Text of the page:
Sun, Jul 18, 2004 - Page 11 News List

Dell's Q2 earnings beat forecasts

POSITIVE Some analysts are beginning to rethink their startegy toward the tech sector, after the world's No. 1 computer maker revised upward its quarterly earnings

NY TIMES NEWS SERVICE , SAN FRANCISCO, CALIFORNIA

Perhaps investors should feel more confident about the general state of the technology sector than they have in recent weeks.

Dell Computer, the world's leading maker of personal computers, delivered a dose of positive news on Friday when it announced that its second-quarter earnings would be stronger than expected.

The company said it expected to earn US$0.31 a share for the quarter that ends July 30, US$0.02 above both its previous forecast and the consensus of analysts, according to Thomson First Call. The outlook was based on second-quarter revenues of US$11.7 billion, which is in line with the company's previous guidance.

The announcement comes one day after IBM reported quarterly profits that surpassed Wall Street estimates. Also on Thursday, the research firm IDC released a report showing that personal computer shipments were more robust in April, May and June than expected.

"The industry is seeing a PC recovery occurring, especially in the commercial segment," said Alan Promisel, an IDC analyst. The commercial sector, as defined by the research firm, includes businesses, governments and schools.

"There's significant demand especially coming from the small-, medium- and large-business segments," Promisel said.

The personal computer market grew by 14 to 15 percent in the second quarter when compared to that same time period last year, according to IDC. For the same period, Dell saw its personal computer shipments grow 23 percent.

"We're definitely in a major upgrade cycle in both the business and the home market, and that's likely to continue for the next several quarters because there's good underlying economic rationale for the upgrades in both market," said Charles Wolf, a Wall Street analyst at Needham & Co.

The news on the technology front had been mostly bad in recent weeks. A spate of surprisingly disappointing second-quarter earnings, coupled with news of rising inventories, prompted observers to question whether technology spending had suddenly stalled.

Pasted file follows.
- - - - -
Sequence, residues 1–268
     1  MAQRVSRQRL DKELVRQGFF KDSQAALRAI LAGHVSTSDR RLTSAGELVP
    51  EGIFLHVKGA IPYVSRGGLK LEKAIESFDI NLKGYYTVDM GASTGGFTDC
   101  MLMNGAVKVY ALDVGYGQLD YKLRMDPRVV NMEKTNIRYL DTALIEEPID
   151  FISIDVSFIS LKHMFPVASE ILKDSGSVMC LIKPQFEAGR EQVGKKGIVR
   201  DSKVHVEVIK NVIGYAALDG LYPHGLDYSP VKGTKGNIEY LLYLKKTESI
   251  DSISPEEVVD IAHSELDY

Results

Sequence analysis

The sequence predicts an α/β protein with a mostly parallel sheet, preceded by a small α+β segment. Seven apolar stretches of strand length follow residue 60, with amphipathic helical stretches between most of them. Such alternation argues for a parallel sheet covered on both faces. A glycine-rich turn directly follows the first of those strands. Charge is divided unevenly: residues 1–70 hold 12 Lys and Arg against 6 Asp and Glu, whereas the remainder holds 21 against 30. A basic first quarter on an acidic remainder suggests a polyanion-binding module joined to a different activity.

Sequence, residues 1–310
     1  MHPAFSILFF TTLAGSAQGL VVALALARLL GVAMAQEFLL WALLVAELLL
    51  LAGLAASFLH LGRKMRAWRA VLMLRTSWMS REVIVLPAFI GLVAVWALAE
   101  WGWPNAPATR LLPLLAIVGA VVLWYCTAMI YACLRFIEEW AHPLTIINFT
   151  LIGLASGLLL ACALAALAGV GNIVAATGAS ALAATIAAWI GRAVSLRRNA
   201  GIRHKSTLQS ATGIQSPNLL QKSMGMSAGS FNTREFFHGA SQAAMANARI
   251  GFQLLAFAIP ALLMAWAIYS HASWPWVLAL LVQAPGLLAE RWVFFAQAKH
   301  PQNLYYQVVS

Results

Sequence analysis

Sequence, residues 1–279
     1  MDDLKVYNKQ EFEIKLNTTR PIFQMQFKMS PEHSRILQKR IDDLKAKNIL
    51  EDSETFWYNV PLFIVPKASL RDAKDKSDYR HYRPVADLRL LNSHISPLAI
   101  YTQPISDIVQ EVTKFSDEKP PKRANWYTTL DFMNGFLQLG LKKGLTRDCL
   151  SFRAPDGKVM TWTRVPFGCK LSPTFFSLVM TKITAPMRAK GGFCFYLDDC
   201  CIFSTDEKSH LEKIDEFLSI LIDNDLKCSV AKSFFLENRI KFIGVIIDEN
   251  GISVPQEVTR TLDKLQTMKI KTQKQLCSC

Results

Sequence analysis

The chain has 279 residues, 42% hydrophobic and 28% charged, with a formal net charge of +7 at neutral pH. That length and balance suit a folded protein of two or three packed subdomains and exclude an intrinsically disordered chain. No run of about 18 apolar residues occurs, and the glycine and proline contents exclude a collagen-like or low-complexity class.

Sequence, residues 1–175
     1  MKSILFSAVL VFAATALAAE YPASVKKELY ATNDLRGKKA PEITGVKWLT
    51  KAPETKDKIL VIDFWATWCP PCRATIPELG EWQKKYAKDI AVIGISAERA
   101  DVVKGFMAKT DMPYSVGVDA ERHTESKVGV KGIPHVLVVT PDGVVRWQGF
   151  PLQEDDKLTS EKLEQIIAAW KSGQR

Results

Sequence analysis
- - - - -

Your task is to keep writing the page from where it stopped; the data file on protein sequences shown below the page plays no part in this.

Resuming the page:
Software companies that sell expensive packages to the corporate market have provided the bulk of bad news in this earnings season. PeopleSoft, Veritas and Siebel Systems are among the large publicly traded companies that warned that their earnings would fall short of expectations or tamped down expectations of future growth.

On Tuesday, Intel, the world's largest maker of computer chips, revealed that its inventory had reached a three-year high as corporate buying lagged.

But there was good news Wednesday from Apple Computer, which announced that its profits for the quarter had tripled. Most of that was due to surging demand for its iPod portable music player, but the company said sales of its Macintosh computer were up 19 percent.

"Despite warnings from some sectors of the information technology industry, the recovery seems to be holding steady for now," Roger Kay, an IDC analyst, said in a prepared statement that accompanied Thursday's release of his firm's quarterly personal computer report.

His colleague, Promisel, added, that "some of the more negative news was isolated to specific company problems."

Intel, for instance, reported that profits nearly doubled in the second quarter. Intel's mistake, according to Andy Bryant, the company's chief financial officer, was that it should have reduced its production levels sooner than it did to avoid an inventory surplus.

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